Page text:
I hear gunshots. There is a line of men carrying guns, but not all in the same uniform as they wear in the movies. Only one of them is in camouflaged trellis; the one next to him is wearing a shiny suit. His shoes reflect the light, his hair the color of dirty snow and his jacket pocket foams a garish handkerchief. And the one next to him? I can’t make it out clearly, but he’s dressed in black and wearing black sunglasses (even in winter? my childish mind wonders) and a little wire spirals out of his ear and then disappears between his neck and the darkness surrounding it.
The blindfolded city staggers a bit without falling. During this time, my father and my younger brother call me to Come here and have a banana.
I am the one who falls. Of this thing in a playground that turns and turns around its axis, what is it called? A carousel ? The children’s feet were kicking me in the head. I thought it would never end. I’m dizzy and the merry-go-round is spinning and the spinning feet are head-butting me and out of all these vortices emerges the headmaster of the school. It is a marble statue. A line of little children immediately forms into formation to rise and sing to her, their leader:
“Sitt Omaima, she is so expensive!
Her lemon yellow clothes bring us joy!
In our class, when she approaches,
His loving heart is crystal clear!
His heart was not loving at all. She was a sullen, stony-faced woman who always had a thin cane in her hand, and she ran the nursery and the first two years of primary school at my school, the Scientific Islamic College. His surname reminds me of our anthem sung as the “omaimi” anthem – just a different letter from omami, the soulful anthem known to many around the world as Internacionale. When someone my father’s age talks about his teachers, his eyes light up. They lovingly recall their full names and enumerate their virtues: “They taught us everything — they were learned masters in their fields, they were elegant, politicized: real leaders. They were strict, but they were learned. My teachers? I don’t remember their names. I don’t remember anything about them other than their demeaning treatment of us and how small it made us feel.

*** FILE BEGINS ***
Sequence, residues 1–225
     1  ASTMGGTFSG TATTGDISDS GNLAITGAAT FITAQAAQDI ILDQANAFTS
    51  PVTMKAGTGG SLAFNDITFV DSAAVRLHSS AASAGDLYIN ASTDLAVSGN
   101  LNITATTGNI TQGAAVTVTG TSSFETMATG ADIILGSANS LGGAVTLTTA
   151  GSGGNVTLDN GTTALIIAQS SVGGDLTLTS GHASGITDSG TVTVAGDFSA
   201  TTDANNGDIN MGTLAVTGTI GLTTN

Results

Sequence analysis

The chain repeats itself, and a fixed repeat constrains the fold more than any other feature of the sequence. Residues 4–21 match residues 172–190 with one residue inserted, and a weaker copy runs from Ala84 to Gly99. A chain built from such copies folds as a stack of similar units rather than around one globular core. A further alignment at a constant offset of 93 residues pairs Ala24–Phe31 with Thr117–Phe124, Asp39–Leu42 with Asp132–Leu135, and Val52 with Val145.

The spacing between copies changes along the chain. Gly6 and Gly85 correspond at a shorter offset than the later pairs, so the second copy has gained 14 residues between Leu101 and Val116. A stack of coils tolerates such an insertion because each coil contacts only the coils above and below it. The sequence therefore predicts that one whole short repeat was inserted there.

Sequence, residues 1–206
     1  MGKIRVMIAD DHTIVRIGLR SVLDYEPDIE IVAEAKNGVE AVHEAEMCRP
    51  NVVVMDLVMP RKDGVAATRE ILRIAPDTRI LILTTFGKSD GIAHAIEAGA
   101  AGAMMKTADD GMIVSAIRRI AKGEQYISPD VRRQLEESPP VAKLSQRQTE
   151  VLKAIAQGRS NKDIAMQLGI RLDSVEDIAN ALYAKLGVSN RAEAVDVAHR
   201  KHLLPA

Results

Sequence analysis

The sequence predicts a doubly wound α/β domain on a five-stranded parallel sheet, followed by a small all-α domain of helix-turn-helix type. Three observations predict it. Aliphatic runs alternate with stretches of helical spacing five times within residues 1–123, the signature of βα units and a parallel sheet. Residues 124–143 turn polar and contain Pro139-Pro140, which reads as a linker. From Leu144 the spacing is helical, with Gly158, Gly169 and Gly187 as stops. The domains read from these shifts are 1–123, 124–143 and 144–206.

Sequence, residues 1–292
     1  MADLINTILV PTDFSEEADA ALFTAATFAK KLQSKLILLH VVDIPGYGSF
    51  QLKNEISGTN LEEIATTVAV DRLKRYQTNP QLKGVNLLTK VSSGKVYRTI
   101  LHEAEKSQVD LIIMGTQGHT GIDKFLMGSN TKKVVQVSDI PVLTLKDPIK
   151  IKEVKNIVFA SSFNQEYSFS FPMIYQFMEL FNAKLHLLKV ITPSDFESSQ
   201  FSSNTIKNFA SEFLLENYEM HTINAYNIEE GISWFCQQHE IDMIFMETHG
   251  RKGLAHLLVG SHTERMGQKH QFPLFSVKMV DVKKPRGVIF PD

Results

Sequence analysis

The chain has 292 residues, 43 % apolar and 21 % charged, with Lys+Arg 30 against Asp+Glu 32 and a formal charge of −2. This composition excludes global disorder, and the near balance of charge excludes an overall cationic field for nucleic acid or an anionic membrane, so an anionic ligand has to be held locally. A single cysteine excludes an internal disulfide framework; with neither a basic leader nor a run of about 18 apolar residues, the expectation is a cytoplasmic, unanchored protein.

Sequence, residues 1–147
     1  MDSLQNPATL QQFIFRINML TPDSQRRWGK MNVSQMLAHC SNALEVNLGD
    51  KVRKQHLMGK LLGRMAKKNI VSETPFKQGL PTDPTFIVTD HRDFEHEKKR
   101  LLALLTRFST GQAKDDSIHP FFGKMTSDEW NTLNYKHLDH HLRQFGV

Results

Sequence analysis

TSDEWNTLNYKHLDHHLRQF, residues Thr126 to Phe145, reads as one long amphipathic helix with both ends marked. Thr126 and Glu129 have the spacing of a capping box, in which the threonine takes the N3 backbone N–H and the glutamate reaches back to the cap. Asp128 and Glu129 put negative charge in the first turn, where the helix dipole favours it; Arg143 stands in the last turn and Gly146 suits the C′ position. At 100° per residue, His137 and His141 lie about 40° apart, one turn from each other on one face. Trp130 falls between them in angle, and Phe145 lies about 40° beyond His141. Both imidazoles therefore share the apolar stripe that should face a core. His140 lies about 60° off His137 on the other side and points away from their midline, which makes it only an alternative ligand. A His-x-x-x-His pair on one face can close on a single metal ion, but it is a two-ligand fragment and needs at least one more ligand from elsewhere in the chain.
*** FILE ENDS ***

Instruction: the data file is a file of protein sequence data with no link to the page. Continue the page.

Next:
I remember the other principals: Sitt Omaima’s sister, Da’ad Toutah, principal of the third and fourth years of primary school, who exercised her tyranny in a different way — omnipotent, she seemed to reign beyond our kingdom; the skinny Khamis Ayesh, director of part of the school, with his improvised slaps and his thin bamboo cane. (What is this fetish for fine canes?) Each of them recruits a squadron of student informants and prefects of discipline. Queuing in military formation in front of the flag in the morning, spinning through the classrooms line after line, the bell ringing: rrrrnnnn — the lesson has started, Attention! rrrrnnnn — the lesson is over, at ease! And the dogs in their rooms only move and speak at the command of the bell.
I witnessed all of this through a bullet hole in the body of the town that staggered a bit, but didn’t fall, so it was swamped with more gunfire.
I used to really love summer: the holidays, the Haya Cultural Center, the pretty pool girls at Sport City, my older, bruised namesake, Hisham, a young man we used to look up to and to fear at the club, which became — years and years later — an officer of the secret police. (He would arrest me one day in the far future for staging protests against new taxes and rising commodity prices, and confiscating my computer and books.) The annoying neighbors with their hookahs are back home. inside their houses, no parties in the building next door (his apartments are rented by the day, week or month, and are right in front of my room), no children left to fun on our street until two o’clock in the morning, and no herds of sheep let loose for fun and leaving shreds of broken bushes and a thin layer of spherical shit everywhere.
Snowflakes are falling and my father leads us to the car. I see – out of the corner of my eye – the city was crumbling to the ground, and the three men standing above it were turning it over with their feet.